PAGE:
When the number of times you’ve been to a restaurant hits double figures, and you’ve never had anything but a roaringly great time, you know it is somewhere special.
Don’t get it twisted. Just because Piccolino’s is part of a growing chain that has seen it spread from Manchester to Nottingham, even London, doesn’t mean that it isn’t a restaurant of the finest kind. This, the original Piccolino’s, is set in a beautiful building, it has a manager and staff that give Roberto Benigni a run for his money in the comedy stakes, it has an atmosphere that crackles with unpretentious banter and laughter, and it serves up some of the best Italian food in Manchester.
People who are into Italian food in Manchester are generally divided into two camps: Piccolino fans and San Carlo lovers. While both have their merits, Piccolino’s has the edge, and is always packed to the rafters with loyal customers who return time and time again.
The venue is situated on Clarence Street off Albert Square, Manchester. The town hall is seconds’ away and the immediate area is mainly frequented by business types or shoppers. Piccolino’s has potentially lethal revolving doors at the front of the building, so make sure you have your wits about you as you enter, especially if someone is exiting the other way.
It always feels a bit crowded and claustrophobic at the reception desk, it may have even been an after thought when the restaurant was designed, but the member of staff at the desk will instantly put you at ease with a smile, and if the bespectacled manager is about, you will soon know about it, as he greets you in Italian and exchanges some pleasantries. If you’ve been before he is sure to recognise you, regardless of this you will get a friendly welcome, a small gesture that speaks volumes about the place.
The initial space is an expensive looking wood-panelled room with a long thin bar to the right and tables that spread out in clusters ahead of you and to the left. The front of house glass windows offer some natural light, but at night the in-house lighting gives a reassuring glow to proceedings. If you are waiting for friends to arrive, it can be a tad annoying as the waiting space between the bar and the nearby seating is only enough for a couple of people to squeeze past each other. As the larger restaurant space is found past this area, down some steps, it’s better to try and get seated straight away. In the bigger space, the open plan kitchen hugs the left hand side, the ceiling is very high up and the rest of the room offers longer and larger tables for groups of friends and family. Most are thick set vanished wooden tables, but some, towards the back, offer leather banquette seating as well and a bit more privacy than if you end up on a table in the middle of the room. Seating is pretty close together, so don’t be surprised if your conversation is audible to other people during your meal or vice versa.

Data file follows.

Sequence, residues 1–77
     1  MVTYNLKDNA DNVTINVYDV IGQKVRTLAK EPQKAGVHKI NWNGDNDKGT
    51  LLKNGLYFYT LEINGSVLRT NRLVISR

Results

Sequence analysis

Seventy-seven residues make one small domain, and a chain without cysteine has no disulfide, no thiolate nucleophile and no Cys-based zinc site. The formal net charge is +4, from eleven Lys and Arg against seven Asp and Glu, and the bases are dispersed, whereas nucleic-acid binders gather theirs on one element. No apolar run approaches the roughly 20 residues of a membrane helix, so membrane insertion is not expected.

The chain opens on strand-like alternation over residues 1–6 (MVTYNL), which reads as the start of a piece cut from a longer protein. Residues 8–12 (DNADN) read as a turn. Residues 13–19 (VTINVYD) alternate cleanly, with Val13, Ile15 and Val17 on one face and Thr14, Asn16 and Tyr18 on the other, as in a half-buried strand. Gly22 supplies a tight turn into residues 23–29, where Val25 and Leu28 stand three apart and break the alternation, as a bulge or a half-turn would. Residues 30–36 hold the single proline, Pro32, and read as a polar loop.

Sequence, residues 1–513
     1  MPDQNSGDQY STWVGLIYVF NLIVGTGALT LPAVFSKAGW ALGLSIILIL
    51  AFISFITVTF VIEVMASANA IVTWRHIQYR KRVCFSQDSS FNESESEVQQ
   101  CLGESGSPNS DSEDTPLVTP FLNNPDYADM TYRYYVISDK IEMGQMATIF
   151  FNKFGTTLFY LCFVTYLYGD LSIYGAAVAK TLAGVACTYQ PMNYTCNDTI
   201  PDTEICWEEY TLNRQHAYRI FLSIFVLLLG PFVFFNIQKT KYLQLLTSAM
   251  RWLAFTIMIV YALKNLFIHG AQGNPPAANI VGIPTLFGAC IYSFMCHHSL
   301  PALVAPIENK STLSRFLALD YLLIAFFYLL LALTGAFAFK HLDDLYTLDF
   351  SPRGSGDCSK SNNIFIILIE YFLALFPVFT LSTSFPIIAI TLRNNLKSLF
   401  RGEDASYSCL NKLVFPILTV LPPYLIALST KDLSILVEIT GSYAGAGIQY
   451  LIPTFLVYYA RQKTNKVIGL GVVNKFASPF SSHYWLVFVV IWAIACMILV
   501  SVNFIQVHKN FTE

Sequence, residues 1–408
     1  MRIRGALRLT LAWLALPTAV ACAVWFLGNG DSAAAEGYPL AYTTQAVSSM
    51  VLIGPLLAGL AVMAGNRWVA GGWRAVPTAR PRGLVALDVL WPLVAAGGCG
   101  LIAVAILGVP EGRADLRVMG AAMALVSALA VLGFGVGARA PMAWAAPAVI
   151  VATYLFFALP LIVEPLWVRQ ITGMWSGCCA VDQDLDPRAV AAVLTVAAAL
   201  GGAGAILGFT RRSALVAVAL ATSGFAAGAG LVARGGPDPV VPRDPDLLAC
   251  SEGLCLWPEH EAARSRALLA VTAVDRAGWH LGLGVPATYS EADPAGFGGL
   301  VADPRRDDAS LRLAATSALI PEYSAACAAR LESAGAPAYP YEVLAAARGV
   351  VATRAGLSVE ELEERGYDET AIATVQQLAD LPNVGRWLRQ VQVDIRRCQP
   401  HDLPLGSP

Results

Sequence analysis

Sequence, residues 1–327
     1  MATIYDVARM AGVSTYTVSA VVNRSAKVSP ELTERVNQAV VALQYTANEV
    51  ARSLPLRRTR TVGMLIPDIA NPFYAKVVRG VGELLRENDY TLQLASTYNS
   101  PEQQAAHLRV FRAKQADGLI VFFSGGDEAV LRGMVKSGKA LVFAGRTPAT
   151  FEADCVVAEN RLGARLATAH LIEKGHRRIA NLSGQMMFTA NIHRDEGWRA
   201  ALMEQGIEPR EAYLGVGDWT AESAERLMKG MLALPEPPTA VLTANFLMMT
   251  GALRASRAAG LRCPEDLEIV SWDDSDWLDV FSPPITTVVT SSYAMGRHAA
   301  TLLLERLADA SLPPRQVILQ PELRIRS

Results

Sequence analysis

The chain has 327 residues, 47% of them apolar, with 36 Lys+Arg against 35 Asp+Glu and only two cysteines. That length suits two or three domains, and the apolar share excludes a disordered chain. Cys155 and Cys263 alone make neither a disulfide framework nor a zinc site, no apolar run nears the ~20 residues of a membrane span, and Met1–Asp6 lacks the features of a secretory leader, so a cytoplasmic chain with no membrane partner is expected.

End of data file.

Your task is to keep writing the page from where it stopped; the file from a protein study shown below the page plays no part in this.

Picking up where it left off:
The toilets are downstairs via a spiral staircase, those worse for wear after a few too many Prosecco’s ought to watch their step. The loos are pretty posh as it goes.
Reservations are absolutely essential here. Don’t presume you can rock up with a party of ten on any given night and get a table. Weekends are hammered with bookings, so book way in advance to avoid disappointment. If you are visiting during the week, you should be OK getting a table, this is not always the case, though.
Piccolino's attracts a cross section of people from the city of Manchester. You might see a club promoter sat next to a councillor, sat next to a hair stylist, sat next to a journalist, sat next to a student of life.
It’s very popular with couples enjoying a romantic meal and groups of friends. Family and work colleagues all come here to let their hair down and celebrate whatever the occasion.